You could compare the book to current society and see if you find any parallels (you will).

You could talk about a key scene - room 101 - where your worst fears are presented infront of you.

I havn't got time to go into detail just now, but there is soo much to write about for this book, if you need any help with it write me a message. I wrote about this book in the exam and got an A.
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user posted image


If you can keep your head when all about you
Are losing theirs and blaming it on you,
If you can trust yourself when all men doubt you
But make allowance for their doubting too,
If you can wait and not be tired by waiting,
Or being lied about, don't deal in lies,
Or being hated, don't give way to hating,
And yet don't look too good, nor talk too wise:
Yours is the Earth and everything that's in it,
And--which is more--you'll be a Man, my son!

#37 George

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Posted 03 September 2004 - 11:27 PM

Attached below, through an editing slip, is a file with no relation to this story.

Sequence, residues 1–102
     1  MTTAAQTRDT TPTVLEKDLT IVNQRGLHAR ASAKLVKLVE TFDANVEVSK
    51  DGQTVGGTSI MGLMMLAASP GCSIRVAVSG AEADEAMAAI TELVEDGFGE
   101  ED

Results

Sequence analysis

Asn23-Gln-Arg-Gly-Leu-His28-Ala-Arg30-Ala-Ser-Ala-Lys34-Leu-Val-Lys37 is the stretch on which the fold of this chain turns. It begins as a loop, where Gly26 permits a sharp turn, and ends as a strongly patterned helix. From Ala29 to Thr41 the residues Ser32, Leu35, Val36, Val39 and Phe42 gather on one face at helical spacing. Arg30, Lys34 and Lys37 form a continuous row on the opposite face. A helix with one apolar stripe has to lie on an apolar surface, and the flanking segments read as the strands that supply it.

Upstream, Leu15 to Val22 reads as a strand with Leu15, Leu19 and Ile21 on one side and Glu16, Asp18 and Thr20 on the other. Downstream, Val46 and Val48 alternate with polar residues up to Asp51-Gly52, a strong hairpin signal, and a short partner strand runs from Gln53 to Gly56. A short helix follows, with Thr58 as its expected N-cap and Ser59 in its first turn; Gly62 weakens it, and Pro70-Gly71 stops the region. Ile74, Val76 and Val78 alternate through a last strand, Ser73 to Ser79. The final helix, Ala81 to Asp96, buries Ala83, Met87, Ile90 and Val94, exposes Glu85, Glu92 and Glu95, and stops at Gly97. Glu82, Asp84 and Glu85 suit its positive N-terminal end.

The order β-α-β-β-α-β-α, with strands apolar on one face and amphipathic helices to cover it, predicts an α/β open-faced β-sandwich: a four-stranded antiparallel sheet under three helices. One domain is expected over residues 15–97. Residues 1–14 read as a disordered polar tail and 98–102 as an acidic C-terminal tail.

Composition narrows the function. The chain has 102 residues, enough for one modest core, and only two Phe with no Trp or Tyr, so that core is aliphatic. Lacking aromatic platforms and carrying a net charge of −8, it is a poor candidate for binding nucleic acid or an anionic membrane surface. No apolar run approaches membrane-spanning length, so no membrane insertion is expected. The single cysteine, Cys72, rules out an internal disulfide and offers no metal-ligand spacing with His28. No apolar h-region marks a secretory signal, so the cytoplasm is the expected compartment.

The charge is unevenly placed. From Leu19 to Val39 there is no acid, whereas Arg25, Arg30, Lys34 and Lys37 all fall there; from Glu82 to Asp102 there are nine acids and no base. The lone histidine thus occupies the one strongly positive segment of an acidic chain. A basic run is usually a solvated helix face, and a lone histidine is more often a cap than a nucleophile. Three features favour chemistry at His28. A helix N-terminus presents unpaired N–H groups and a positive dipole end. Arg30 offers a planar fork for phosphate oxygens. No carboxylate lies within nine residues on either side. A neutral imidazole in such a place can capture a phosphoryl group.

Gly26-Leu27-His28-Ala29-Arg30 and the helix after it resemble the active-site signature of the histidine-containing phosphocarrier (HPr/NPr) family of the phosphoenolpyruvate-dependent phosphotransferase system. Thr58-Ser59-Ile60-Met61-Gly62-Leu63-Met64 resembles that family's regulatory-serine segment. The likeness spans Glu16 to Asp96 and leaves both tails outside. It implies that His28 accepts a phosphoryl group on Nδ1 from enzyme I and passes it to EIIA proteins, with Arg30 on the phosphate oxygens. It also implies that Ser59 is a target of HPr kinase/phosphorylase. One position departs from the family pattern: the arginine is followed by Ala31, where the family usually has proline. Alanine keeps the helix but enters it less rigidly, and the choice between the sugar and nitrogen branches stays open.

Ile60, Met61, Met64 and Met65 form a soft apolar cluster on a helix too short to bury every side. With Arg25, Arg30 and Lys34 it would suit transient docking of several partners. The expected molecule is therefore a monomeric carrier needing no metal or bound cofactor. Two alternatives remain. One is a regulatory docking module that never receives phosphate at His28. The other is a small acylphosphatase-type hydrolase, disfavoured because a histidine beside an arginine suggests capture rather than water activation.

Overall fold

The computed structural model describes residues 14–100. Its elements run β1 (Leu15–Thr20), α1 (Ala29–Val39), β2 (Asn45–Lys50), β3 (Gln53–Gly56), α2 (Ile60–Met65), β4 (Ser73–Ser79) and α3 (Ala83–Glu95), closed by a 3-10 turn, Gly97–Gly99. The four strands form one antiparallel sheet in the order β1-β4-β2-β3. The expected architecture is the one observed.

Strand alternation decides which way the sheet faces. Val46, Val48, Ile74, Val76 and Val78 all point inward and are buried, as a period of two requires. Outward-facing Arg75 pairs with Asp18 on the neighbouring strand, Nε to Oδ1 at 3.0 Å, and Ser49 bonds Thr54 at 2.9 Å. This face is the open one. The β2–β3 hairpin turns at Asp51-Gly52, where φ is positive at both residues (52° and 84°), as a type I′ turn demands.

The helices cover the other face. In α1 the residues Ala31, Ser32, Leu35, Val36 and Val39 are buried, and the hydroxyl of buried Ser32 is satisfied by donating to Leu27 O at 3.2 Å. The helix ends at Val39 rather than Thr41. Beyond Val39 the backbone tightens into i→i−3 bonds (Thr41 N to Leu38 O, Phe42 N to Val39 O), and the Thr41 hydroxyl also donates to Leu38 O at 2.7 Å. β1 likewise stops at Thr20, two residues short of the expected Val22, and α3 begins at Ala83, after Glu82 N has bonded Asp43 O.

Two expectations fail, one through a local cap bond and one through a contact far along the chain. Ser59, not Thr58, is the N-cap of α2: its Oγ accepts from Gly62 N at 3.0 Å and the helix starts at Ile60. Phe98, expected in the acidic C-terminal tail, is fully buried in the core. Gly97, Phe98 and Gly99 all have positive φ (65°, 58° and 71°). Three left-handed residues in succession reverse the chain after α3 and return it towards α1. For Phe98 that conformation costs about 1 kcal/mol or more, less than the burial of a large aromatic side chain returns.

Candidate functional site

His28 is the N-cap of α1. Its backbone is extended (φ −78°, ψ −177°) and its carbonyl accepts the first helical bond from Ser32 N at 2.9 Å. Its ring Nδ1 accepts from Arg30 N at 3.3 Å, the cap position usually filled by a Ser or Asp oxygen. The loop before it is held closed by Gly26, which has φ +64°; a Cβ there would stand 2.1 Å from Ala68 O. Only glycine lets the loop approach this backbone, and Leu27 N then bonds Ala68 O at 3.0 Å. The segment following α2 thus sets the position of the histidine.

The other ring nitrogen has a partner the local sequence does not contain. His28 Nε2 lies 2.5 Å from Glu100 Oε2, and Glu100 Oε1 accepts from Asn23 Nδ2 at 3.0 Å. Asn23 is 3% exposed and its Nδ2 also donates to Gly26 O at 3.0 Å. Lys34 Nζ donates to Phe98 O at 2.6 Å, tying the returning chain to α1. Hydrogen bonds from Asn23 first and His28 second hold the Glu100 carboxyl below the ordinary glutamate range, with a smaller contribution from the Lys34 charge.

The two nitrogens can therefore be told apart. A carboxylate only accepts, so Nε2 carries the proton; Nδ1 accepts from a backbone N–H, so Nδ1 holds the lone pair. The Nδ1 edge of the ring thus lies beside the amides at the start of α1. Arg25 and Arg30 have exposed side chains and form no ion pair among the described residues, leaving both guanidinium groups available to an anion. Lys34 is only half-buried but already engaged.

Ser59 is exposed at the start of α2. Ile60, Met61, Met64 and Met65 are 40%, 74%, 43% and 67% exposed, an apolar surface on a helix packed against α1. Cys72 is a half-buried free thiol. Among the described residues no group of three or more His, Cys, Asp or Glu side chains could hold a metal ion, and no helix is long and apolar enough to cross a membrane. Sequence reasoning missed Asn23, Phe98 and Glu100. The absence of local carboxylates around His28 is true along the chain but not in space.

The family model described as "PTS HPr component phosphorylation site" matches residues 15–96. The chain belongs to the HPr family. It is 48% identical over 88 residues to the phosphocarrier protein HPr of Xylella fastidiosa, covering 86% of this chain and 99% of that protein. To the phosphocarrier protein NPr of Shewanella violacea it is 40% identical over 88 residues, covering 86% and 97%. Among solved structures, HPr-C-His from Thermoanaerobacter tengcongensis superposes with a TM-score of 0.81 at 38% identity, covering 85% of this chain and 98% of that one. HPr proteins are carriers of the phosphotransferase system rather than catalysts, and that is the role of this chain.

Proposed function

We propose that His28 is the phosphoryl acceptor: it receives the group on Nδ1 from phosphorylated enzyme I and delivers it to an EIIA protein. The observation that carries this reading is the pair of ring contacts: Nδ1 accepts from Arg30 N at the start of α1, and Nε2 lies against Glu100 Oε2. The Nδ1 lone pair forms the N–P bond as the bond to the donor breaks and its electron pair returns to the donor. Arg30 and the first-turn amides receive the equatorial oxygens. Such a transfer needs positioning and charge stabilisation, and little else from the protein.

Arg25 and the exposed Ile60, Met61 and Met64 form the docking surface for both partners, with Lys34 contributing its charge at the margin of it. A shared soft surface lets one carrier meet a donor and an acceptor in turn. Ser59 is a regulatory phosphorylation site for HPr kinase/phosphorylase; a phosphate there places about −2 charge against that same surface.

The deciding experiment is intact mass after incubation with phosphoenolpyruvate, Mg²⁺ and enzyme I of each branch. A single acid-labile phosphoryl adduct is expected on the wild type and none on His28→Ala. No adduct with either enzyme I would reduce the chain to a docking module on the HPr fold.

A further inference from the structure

QUOTE(memz_88 @ Sep 3 2004, 06:53 PM)
Any ideas or any good material on 1984????

View Post


My Specialist Study was on Nineteen Eighty-Four; it was An examination of how Orwell creates a dystopian society in order to warn against totalitarianism, both in his time and today.

I looked at:
  • the context in which Orwell wrote the novel; at the beginning of what became the Cold War.
  • the depiction of dereliction/decay, showing the Party's main concern is control over its people
  • the physical control of the Party; eg lack of food, the "Physical Jerks", and Room 101
  • psychological control, notably the use of telescreens to monitor people, or at least to appear to. Like the Victorian design of the Panopticon, it's impossible to watch everyone all the time, but the prisoners behave as though they are always being watched